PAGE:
What It Feels Like To Be In Love When You Question Your Own Self-Worth

God & Man
God & Man

Being in love is one of those things awakens your senses. Those butterflies that send a tingling along the length of your spine. The heat that radiates a warmth from somewhere deep inside your chest. It’s that unique reaction your body has when you finally see the one person who has been on your mind all day. The way your stress seems to dissolve as you are enveloped in the warmth of that person’s arms.

Basically, love can be pretty amazing, the inner sensations so overwhelmingly raw and intense, but in the best way possible. You know that someone is standing beside you, always, as your partner and supporter and confidante. There’s an intense comfort in it, deep inside of that knowing, in the security of it all.

But the art of really feeling that security, of being truly comfortable inside of it, doesn’t always come easily. At least not when you’re a person who questions their own worthiness, who questions what they are actually deserving of in life and in love.

When you’re someone who questions their own self-worth, being in love can mean experiencing a rollercoaster of insecurities on the daily. Of never knowing where you stand, even when the signs are being displayed clearly in front of you. It means that most of the time it doesn’t matter how often you’re being told “I love you,” or how much your partner tries to show you that they care.

Because somewhere deep inside of yourself, you don’t really believe you’re worth it.

And no matter how badly you want to accept the love that is being thrust out towards you, the love that you feel so intensely and can’t help but reciprocate back out towards your partner, there’s that one question that claws at you. The one that keeps you up and night and leaves you wondering as try to function normally each day. And that question is an emphatic how?

How can this person ever truly love me when I can’t even love myself?

It’s a guilty question, a shameful one. One that you would never dare speak aloud, one that you maybe don’t even realize you’re asking yourself because it’s buried so deeply beneath all of those insecurities and second-guessing that plague your sense of self.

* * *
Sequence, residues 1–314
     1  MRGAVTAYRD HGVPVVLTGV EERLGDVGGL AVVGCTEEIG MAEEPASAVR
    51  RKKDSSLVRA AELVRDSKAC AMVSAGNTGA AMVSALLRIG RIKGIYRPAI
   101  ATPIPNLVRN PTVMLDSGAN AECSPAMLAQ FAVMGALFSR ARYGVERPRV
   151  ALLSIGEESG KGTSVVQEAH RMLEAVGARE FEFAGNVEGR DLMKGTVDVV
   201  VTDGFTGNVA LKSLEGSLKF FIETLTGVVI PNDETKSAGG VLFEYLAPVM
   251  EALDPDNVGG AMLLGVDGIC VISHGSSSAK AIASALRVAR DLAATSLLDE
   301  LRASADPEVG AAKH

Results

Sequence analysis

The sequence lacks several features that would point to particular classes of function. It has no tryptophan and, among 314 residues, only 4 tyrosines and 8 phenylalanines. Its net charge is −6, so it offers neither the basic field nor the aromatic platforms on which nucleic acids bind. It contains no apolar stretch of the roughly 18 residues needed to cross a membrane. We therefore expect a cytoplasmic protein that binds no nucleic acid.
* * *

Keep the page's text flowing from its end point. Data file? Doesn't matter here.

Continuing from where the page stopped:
When you’re like this, when you have these thoughts, being in love is like shining a flashlight with a layer of grime covering the glass. One with the power turned on fully, one that is trying it’s best to present the way it shines, but can only project a light that is foggy and slightly dull.

It’s frustrating, this cycle of doubt and self-consciousness. That dull light that you know should be a beacon emitting from within yourself. And if you’re like most, you keep it inside. Because you’re too embarrassed or ashamed to speak the truth out loud, the truth that says you aren’t confident enough to fully accept love, the thing that our society puts so much emphasis on.

And I’m sure you’ll find yourself thinking that if you can’t accept love, if you can’t believe that someone could truly love you back, doesn’t that mean you’re broken?

Well, I’m here to tell you that the answer to that is absolutely not.

Maybe you feel you’re broken, abnormal in some way, because of the way you were treated as a kid, or because you once had someone in your life who treated you as if you were less-than. Maybe it’s because of our tendency to compare, to look at others and deeply inspect what we see as our own unacceptable shortcomings.

But, really, the reason doesn’t matter so much. At least not right now.

What matters is talking to your partner, is choosing to no longer ignore those feelings that you’ve convinced yourself are shameful. What matters is that you stop feeling guilty over something that only makes you human.

The answer is to dive even deeper within yourself, in wrenching out all of those feelings and showing them to the person that you love.

I won’t say it’s not a struggle, being someone who questions how worthy they are. And you’re never quite sure if you’re overreacting, so you find yourself dreading the moment when someone tells you to stop being so dramatic and to just move on. When they tell you to stop worrying.

But the truth is, if you’re partner is someone who would tell you those negative things, they’re not the person you’re supposed to be with. If the love is truly there, a physically tangible thing between the two of you, it will be okay. They will try their hardest to understand.

Start the process of learning to speak your truth. Realize that there will probably always be hard days, that the act of learning to love yourself is not an easy one. And the process of loving and feeling it being reciprocated back at you may still feel differently for you than it does for others.

But remember that there is not only one way to be in love. That as long as you are trying to improve the way you see yourself, love will still be there when you return to it.

And even if some days it’s inevitably hard, even if you feel like you’re waiting for the floor to drop out from underneath your feet, know that the person you’re with can be your solid ground.

Yes, it may feel difficult to be in a relationship when you question your self-worth, but know that it isn’t impossible. Love isn’t impossible.

It’s there.
It’s not waiting.
And it’s not going away. Thought Catalog Logo Mark

About the author

Nicole Vetrano

A writer of creative non-fiction who drinks copious amounts of coffee.

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